Prodromos Malakasiotis

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Paraphrasing methods recognize, generate, or extract phrases, sentences, or longer natural language expressions that convey almost the same information. Textual entailment methods, on the other hand, recognize, generate, or extract pairs of natural language expressions, such that a human who reads (and trusts) the first element of a pair would most likely(More)
This article provides an overview of the first BioASQ challenge, a competition on large-scale biomedical semantic indexing and question answering (QA), which took place between March and September 2013. BioASQ assesses the ability of systems to semantically index very large numbers of biomedical scientific articles, and to return concise and(More)
This paper presents three methods that can be used to recognize paraphrases. They all employ string similarity measures applied to shallow abstractions of the input sentences, and a Maximum Entropy classifier to learn how to combine the resulting features. Two of the methods also exploit WordNet to detect synonyms and one of them also exploits a dependency(More)
Question answering systems aim to find answers to natural language questions by searching in document collections (e.g., repositories of scientific articles or the entire Web) and/or structured data (e.g., databases, ontologies). Strictly speaking, the answer to a question might sometimes be simply ‘yes’ or ‘no’, a named entity, or a set of named entities.(More)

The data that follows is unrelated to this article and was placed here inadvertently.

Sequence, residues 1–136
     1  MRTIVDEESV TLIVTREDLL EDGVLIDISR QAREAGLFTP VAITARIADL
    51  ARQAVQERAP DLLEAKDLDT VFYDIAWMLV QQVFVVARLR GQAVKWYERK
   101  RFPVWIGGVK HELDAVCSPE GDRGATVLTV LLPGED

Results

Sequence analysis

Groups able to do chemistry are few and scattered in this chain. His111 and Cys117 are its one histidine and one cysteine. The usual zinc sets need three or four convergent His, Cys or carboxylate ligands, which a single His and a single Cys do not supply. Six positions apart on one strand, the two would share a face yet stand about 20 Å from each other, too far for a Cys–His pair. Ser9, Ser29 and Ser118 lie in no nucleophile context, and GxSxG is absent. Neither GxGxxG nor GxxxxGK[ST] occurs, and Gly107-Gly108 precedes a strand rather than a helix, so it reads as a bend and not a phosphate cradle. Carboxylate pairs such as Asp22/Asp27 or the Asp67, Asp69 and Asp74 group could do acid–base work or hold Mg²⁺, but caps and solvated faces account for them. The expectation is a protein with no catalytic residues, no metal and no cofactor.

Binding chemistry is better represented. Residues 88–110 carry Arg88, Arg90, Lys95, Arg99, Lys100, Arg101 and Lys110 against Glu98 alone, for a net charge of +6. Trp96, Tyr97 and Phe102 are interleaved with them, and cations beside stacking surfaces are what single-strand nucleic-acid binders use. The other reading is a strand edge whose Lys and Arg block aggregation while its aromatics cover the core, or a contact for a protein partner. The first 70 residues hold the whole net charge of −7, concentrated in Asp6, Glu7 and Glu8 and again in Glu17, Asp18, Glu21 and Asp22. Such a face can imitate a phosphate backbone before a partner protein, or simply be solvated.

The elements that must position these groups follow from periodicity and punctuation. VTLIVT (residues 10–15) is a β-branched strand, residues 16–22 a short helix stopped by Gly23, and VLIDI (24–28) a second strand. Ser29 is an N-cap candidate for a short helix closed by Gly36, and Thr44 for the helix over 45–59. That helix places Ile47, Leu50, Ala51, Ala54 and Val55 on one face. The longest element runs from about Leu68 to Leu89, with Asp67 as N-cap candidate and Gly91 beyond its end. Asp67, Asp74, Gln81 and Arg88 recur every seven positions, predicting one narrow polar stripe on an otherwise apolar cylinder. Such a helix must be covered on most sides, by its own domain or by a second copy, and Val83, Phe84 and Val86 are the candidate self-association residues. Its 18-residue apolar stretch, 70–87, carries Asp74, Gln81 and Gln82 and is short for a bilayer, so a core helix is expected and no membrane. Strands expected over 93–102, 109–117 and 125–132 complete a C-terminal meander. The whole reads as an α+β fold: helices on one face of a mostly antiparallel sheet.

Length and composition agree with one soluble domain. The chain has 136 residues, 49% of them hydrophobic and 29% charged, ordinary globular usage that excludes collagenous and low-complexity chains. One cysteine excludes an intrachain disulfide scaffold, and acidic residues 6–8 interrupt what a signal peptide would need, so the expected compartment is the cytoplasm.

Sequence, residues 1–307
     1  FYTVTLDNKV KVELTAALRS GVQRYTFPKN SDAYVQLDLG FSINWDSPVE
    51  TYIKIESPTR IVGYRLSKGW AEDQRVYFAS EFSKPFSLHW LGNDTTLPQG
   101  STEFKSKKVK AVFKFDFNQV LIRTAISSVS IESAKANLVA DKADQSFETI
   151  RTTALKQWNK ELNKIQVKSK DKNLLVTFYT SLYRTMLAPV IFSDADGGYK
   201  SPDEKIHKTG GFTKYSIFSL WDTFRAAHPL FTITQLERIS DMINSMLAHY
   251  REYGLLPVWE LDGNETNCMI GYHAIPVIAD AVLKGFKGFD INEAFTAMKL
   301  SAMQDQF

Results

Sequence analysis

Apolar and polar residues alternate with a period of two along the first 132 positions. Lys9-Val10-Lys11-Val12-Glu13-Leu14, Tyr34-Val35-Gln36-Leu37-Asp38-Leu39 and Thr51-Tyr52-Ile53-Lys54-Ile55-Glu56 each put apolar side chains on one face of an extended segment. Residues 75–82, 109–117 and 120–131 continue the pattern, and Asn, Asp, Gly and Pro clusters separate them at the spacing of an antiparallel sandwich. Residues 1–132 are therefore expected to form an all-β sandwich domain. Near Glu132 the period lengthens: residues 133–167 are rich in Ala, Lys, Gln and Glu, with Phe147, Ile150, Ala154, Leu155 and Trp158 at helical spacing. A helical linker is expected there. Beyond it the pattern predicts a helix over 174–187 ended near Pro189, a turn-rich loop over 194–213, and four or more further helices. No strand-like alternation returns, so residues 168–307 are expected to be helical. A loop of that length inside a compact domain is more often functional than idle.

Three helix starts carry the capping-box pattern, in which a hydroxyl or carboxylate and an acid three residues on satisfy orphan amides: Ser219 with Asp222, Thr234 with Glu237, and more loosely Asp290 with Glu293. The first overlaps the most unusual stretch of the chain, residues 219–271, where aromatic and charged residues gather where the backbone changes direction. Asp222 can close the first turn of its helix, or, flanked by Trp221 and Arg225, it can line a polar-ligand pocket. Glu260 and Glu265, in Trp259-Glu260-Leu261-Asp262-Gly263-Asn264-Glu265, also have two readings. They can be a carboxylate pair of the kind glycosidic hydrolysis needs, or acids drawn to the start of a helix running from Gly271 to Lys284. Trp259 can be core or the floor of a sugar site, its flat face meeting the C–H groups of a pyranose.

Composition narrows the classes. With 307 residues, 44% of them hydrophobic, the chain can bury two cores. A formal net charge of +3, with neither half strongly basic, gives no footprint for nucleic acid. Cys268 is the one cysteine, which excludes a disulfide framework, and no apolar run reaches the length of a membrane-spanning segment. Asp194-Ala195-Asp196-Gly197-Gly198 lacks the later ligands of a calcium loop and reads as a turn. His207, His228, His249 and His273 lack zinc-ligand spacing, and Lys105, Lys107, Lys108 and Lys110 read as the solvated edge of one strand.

We propose a document retrieval method for question answering that represents documents and questions as weighted centroids of word embeddings and reranks the retrieved documents with a relaxation of Word Mover’s Distance. Using biomedical questions and documents from BIOASQ, we show that our method is competitive with PUBMED. With a top-k approximation,(More)
This paper describes the systems with which we participated in the task Sentiment Analysis in Twitter of SEMEVAL 2013 and specifically the Message Polarity Classification. We used a 2-stage pipeline approach employing a linear SVM classifier at each stage and several features including BOW features, POS based features and lexicon based features. We have(More)
This paper describes aueb’s participation in tac 2008. Specifically, we participated in the summarization and textual entailment recognition tracks. For the former we trained a Support Vector Regression model that is used to rank the summary’s candidate sentences; and for the latter we used a Maximum Entropy classifier along with string similarity measures(More)
Experimenting with a new dataset of 1.6M user comments from a Greek news portal and existing datasets of English Wikipedia comments, we show that an RNN outperforms the previous state of the art in moderation. A deep, classification-specific attention mechanism improves further the overall performance of the RNN. We also compare against a CNN and a(More)
This paper describes the system submitted for the Sentiment Analysis in Twitter Task of SEMEVAL 2014 and specifically the Message Polarity Classification subtask. We used a 2–stage pipeline approach employing a linear SVM classifier at each stage and several features including morphological features, POS tags based features and lexicon based features.